Showing all events.

Religious Literacy Roundtable

On October 4, the Foundation for Religious Literacy sponsored a Religious Literacy Roundtable at the Harvard Club of New York City. The Roundtable brought together representatives from diverse schools, groups, and organizations engaged in building religious literacy. Research Director Ellie Pierce participated in the conversation on behalf of the Pluralism Project.

Research Director Participates in “Sacred Space in a Secular Nation of Believers”

On October 25 & 26, research director Ellie Pierce participated in a Radcliffe Seminar, “Sacred Space in a Secular Nation of Believers.” The seminar explored sacred space in healthcare contexts, the military, and higher education. Sessions focused on specific cases, including the Ulfelder Healing Garden at Massachusetts General Hospital, one of three spaces at the hospital – in addition to the masjid and chapel – set aside for prayer and/or reflection; the Tufts University Interfaith Center, home to the Muslim, Protestant, and Catholic chaplains, and is used by a range of student religious groups; and the U.S. Air Force Academy Cadet Chapel, designed with separate chapels for the Jewish, Catholic, and Protestant faiths. Today, the Cadet Chapel also houses an “all faiths room,” a newer Buddhist chapel (“the Vast Dharma Refuge Hall”), and, the most recent addition, a dedicated space near the building for Earth-Centered Spirituality, known as “Falcon Circle.” This engaging multidisciplinary seminar was organized by Wendy Cadge from Brandeis University, Alice Friedman from Wellesley College, and Karla Johnson, from the architectural firm Johnson Roberts Associates.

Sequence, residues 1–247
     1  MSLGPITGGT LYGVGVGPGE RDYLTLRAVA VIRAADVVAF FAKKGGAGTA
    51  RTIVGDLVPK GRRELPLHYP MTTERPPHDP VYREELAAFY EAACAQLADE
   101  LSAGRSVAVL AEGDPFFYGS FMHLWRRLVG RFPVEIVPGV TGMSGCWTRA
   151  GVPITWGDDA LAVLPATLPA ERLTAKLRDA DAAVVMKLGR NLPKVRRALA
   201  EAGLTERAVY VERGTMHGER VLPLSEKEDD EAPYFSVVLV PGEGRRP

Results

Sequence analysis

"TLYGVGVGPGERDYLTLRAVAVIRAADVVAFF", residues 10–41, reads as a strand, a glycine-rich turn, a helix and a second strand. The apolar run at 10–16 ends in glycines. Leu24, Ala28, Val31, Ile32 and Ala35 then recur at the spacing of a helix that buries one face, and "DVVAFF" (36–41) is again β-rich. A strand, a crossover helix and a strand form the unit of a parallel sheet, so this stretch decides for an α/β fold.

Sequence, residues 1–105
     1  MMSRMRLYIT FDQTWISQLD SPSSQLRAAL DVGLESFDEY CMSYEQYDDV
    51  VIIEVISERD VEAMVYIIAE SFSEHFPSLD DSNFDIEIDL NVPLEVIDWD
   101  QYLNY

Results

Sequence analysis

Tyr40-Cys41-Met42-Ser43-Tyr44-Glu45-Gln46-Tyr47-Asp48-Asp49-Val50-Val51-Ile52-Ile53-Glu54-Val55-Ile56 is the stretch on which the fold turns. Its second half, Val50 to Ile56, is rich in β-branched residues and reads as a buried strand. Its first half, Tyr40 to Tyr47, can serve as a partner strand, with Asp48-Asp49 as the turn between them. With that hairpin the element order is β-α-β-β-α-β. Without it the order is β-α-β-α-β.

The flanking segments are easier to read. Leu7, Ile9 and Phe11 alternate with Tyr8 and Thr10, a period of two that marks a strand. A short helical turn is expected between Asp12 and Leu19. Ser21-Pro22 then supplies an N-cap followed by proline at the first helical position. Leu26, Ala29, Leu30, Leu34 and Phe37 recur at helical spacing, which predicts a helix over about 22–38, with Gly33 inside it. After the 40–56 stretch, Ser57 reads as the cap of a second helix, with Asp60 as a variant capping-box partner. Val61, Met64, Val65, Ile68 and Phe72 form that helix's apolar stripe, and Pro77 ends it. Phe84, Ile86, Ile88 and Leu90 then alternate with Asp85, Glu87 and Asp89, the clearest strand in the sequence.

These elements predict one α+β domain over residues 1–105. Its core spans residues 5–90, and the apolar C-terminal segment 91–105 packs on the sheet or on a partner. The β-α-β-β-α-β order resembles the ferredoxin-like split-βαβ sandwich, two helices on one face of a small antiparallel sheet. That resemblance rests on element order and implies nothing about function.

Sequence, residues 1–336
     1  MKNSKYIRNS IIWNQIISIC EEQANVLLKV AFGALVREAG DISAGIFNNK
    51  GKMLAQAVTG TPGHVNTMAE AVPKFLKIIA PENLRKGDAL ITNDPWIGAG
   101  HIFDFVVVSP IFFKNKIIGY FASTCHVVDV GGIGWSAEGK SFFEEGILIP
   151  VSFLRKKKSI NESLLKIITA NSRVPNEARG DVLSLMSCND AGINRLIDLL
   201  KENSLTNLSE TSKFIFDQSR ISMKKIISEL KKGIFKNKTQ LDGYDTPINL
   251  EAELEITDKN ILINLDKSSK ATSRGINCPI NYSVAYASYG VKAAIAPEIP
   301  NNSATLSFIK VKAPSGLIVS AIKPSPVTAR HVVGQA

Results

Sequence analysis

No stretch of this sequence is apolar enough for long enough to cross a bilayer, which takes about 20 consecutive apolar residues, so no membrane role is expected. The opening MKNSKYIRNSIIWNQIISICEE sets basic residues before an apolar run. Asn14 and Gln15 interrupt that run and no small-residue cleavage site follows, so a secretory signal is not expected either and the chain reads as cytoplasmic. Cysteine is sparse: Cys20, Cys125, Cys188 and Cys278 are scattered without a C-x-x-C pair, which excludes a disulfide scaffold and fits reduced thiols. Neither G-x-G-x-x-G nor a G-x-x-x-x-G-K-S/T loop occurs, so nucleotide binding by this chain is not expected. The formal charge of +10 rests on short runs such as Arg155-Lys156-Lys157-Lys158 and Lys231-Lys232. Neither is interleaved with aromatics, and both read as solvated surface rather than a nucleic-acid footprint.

Salman Ahmad South Asian Quake Benefit

On November 29, 2005, the Pluralism Project co-hosted Salman Ahmad at Harvard for a South Asian Quake Benefit. Ahmad, the lead singer in South Asia’s biggest rock band, Junoon, screened It’s My Country Too!, his new film about Muslims in America after 9/11. After the screening, a benefit concert for victims and survivors of the South Asian earthquake was held in the Memorial Church at Harvard. Ahmad played a range of music from Sufi-rock to Pakistani folk songs. His stories about his recent trip to the earthquake-torn regions of Pakistan inspired the Harvard community to raise over $7,000 for the Edhi Foundation earthquake relief efforts. The event was co-sponsored by the South Asia Initiative, Office of the Arts, Sanskrit & Indian Studies, Islam in the West Program, Center for the Study of World Religions, Harvard Divinity School, South Asian Association, Dharma, Harvard Islamic Society, Harvard College Interfaith Council, and the Harvard Foundation.

Security and Civil Rights: Muslim Army Chaplain James Yee

On February 28, 2006, former Muslim Chaplain and U.S. Army Captain James Yee spoke at Harvard, sponsored by the Harvard Islamic Society, the Asian-Pacific Law Students Association, and the Pluralism Project. Chaplain Yee served at Guantanamo Bay and spoke of the challenges of learning first-hand about abuses. He responded by authoring policies designed to respect religious rights and security needs. He was accused of espionage and held in solitary confinement; eventually all charges were dropped and his record was cleared. His recent book is entitled For God and Country.